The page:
Chikodili Emelumadu (Nigeria) for ‘Bush Baby’ published in African Monsters, edited by Margaret Helgadottir and Jo Thomas (Fox Spirit Books, UK. 2015). Chikodili’s work has appeared in One Throne, Omenana, Apex, Eclectica, Luna Station Quarterly and the interactive fiction magazine, Sub-Q. In 2014, Chikodili was nominated for a Shirley Jackson award and is working on her novel.
This conversation took place in a green bedroom in the cold, sweetspot of Gaborone, Botswana and Cambridge heat (Massachusetts), a cozy loft in Hither Green, UK, and later the middle of the Southbank Centre in London by Email.
Gaamangwe: Congratulations Chikodili! how does it feel to be shortlisted for the biggest award for short story writers?
Chikodili: Surreal, to be honest. Now I’m in London, I reckon I’ll have no choice but to feel quite real once all the events begin.
Gaamangwe: I can imagine! On the surreal and feeling real, your story is a mixture of the surreal and realism, what drew you to the other-worldliness in your story?
Chikodili: I’ve always been drawn to things like that – horror, fantasy, sci-fi. I’m drawn to stories, period. Reading them, listening to them, plotting and writing them. How are we sure that in the grand scheme of things, WE aren’t the otherworldly ones? Perhaps our lives and petty dramas seen ‘out there’ by beings on other planes, the Gwei-gweis and Mami watas and such.
Gaamangwe: Oh, that is such an interesting thought! It reminds of the story that perhaps the sky is merely the eye of creature beyond our ether, snooping in on us, enthralled by this “otherworldliness” that we are to him/her/it. I love these stories too. I got the feeling that “Bush Baby” was an urban legend story from your country, no? When you go back to the time you wrote the story, do you recall what your intention/interest with this particular urban legend was?
Chikodili: I do, yes. My fascination with the ‘Bush Baby’ probably goes back to my childhood. I went, first, to one of those types of schools surrounded by acres of land. It was there, in primary school, that I first heard of the Bush Baby. It was supposed to be this creature who cried like a human baby to attract passersby and when they went to investigate…
It was easy to believe. I was little, five or six years old, we were literally in the middle of nowhere with streams full of fish and trees for miles. The story probably left a scar on my psyche. And I’m not one to leave a scar alone.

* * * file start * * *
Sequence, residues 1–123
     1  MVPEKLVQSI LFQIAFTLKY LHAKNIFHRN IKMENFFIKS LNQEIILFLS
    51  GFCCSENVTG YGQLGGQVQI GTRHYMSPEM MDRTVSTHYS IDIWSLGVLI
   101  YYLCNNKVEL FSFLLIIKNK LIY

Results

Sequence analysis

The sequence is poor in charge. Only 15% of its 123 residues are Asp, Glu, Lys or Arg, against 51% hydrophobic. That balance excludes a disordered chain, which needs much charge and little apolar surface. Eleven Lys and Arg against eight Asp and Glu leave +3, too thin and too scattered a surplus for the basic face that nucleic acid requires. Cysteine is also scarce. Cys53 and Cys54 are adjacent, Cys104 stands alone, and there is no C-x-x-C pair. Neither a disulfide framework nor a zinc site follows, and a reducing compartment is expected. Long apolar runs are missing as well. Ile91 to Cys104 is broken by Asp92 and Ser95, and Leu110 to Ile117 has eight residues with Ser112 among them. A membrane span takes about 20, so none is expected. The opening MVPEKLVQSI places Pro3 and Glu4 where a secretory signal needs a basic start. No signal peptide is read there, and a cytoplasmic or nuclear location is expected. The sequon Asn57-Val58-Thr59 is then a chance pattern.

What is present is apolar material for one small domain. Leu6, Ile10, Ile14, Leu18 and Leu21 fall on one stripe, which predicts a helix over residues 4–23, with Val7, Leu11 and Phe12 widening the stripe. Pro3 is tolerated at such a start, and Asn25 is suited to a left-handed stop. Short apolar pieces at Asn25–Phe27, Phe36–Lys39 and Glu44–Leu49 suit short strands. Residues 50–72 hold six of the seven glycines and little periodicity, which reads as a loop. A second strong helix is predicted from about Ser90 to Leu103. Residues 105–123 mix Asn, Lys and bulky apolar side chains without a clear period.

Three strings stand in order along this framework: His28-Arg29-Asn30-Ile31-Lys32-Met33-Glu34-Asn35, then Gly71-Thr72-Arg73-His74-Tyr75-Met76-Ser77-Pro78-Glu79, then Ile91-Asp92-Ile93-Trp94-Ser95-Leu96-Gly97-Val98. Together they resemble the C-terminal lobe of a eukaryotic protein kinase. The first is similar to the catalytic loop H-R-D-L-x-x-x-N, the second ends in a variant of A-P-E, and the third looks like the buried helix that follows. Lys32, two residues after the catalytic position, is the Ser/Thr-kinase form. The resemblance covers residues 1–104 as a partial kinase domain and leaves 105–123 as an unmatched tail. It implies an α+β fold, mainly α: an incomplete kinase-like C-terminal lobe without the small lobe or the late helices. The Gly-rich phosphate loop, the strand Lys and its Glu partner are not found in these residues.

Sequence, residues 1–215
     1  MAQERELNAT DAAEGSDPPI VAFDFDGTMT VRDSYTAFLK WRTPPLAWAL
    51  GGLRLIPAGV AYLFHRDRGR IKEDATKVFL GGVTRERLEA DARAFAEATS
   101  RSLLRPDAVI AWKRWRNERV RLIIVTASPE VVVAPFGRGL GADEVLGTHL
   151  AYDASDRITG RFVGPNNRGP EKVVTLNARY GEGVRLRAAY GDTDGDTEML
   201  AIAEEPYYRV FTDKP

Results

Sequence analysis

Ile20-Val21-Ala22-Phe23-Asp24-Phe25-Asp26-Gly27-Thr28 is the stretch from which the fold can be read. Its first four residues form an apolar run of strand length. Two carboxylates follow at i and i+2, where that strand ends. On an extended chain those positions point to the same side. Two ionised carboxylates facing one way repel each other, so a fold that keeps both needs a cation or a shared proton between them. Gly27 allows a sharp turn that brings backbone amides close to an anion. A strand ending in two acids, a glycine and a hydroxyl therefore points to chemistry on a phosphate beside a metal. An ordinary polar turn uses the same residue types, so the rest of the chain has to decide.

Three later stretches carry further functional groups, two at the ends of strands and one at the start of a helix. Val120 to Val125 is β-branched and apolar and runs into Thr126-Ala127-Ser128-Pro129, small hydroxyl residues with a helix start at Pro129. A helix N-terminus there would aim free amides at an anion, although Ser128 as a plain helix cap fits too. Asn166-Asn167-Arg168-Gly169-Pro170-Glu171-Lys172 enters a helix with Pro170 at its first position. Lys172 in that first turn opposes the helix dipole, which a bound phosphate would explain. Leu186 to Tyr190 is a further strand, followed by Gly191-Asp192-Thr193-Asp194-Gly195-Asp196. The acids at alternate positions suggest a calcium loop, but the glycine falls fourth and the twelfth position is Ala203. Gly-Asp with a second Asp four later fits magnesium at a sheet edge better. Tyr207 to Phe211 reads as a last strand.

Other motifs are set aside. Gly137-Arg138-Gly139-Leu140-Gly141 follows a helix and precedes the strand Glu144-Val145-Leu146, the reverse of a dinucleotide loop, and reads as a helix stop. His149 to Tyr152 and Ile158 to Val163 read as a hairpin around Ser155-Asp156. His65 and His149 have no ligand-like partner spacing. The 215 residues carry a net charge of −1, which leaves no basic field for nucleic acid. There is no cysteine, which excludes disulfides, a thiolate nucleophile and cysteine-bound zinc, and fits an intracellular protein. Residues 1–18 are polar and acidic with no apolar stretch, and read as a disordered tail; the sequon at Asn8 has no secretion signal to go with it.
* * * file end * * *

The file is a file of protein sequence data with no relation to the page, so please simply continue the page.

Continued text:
Gaamangwe: I love how we carry our early imprints and how they often come through later in some way especially as art. I often wonder about the origin of urban myths and legends. I get the feeling that sometimes some myths originate from simply the elders trying to discourage some behaviors, you know. Do you know the origin story of this urban legend story? What interests you about using myths and legends ideas in your writing?
Chikodili: I don’t quite know the origin of the cries of the Bush Baby, whether it’s recent urban legend or goes way back. I have tried to imagine though that if it did go back to an earlier time, it might have been a certain kidnapping tactic? My father used to tell stories of slavers and the cunning ways they used to steal people away. It’s not farfetched then that the cry of a baby in the bush could be used to lure prey – mostly women, I suppose. The Gwei-Gwei or Gwai-Gwai part is Hausa myth.
I think I enjoy telling stories this way because it appeals to something in all of us. It’s universal. In all cultures of the world there are stories of monsters and beasts, spirits and supernatural beings told in every household, around fires and under the moonlight. Even ‘western’ films and animation that we so thoroughly – Cinderella, Rapunzel – enjoy are based on old Germanic folktales (they are a lot scarier in their original form. Hollywood tends to sanitize them). Stories like mine appeal to the primitive, basic part in all of us: beyond logic. I like to think they are more effective this way. Folktales have survived this long for a reason.
Gaamangwe: This is true. The whole time reading your stops my heart was beating fast, every part of me aware. You had taken me to our most powerful primitive emotion: fear. But beyond this, I think what intensified this was I cared for your characters, because it was familial. I could see myself and this happening to my sister for example, how will that be like I wondered. What attracted you to telling this story from this point of view, of two siblings who are grieving in their own way the loss of their parents?
Chikodili: I too am always interested in familial relationships, especially the ways in which societal expectations of gender affects it. So in this story, we see the responsible daughter, the first born who does everything right with her life, playing second fiddle to a younger, more reckless brother. By all accounts after their father dies, she should get a bigger share by virtue of her position, or at least have their father’s assets shared equally but the bulk of it gets passed down to her brother because he is male. She clearly resents this but perhaps she resents society more for coming between she and her brother in this way. She loves her brother.
Gaamangwe: This is an important story that reflects such an important narrative. Beyond this, what other narratives/ stories are you interested in exploring?
Chikodili: I’m interested in my ancestry, the supernatural, Igbo culture and womanhood, all themes contained in my upcoming novel.
Gaamangwe: Thank you Chikodili for joining me here. I wish you all the best of luck with your writings and the Caine Prize award.
NB: This interview is part of a collective book project with all the incredible and talented shortlisted poets for The Caine Prize For African Writing 2017 Shortlists.
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